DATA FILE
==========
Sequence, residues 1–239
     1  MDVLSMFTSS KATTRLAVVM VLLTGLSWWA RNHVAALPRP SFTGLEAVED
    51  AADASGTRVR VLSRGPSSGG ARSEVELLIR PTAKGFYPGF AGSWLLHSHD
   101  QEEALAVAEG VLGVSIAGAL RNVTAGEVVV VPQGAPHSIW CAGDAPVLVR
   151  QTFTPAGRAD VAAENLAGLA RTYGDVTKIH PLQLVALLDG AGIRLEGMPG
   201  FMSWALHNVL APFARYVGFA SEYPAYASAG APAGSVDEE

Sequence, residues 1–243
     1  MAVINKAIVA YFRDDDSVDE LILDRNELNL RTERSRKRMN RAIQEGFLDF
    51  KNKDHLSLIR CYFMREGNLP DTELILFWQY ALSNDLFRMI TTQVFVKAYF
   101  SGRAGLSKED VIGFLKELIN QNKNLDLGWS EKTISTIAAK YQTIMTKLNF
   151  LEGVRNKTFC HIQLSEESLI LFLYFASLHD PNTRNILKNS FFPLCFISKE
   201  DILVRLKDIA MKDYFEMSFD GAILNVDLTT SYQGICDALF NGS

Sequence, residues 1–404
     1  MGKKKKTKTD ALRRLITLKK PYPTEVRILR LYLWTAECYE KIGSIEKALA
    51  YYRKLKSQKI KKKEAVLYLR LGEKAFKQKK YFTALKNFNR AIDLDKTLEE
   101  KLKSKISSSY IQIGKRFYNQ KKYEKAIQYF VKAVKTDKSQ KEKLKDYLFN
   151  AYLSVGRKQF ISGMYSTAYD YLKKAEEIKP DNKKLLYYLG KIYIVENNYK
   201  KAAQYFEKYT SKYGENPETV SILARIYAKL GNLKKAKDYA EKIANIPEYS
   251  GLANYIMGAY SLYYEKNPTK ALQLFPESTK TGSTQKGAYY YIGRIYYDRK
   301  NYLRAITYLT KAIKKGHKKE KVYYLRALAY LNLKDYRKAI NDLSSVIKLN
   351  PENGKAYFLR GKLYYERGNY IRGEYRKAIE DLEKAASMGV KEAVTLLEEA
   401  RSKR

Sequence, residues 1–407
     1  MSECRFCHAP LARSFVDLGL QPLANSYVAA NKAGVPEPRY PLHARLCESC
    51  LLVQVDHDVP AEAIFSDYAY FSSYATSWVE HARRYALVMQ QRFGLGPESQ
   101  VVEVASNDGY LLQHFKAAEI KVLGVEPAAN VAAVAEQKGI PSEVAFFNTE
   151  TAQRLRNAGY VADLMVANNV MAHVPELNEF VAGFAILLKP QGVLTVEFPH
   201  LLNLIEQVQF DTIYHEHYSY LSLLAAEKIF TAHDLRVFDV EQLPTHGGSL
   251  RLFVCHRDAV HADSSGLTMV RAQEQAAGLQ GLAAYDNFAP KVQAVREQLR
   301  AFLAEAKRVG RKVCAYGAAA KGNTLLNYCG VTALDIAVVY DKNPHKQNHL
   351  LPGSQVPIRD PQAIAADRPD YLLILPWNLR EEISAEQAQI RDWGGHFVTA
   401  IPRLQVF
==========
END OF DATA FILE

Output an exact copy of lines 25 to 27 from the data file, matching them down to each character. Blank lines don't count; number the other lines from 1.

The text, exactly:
    51  LLVQVDHDVP AEAIFSDYAY FSSYATSWVE HARRYALVMQ QRFGLGPESQ
   101  VVEVASNDGY LLQHFKAAEI KVLGVEPAAN VAAVAEQKGI PSEVAFFNTE
   151  TAQRLRNAGY VADLMVANNV MAHVPELNEF VAGFAILLKP QGVLTVEFPH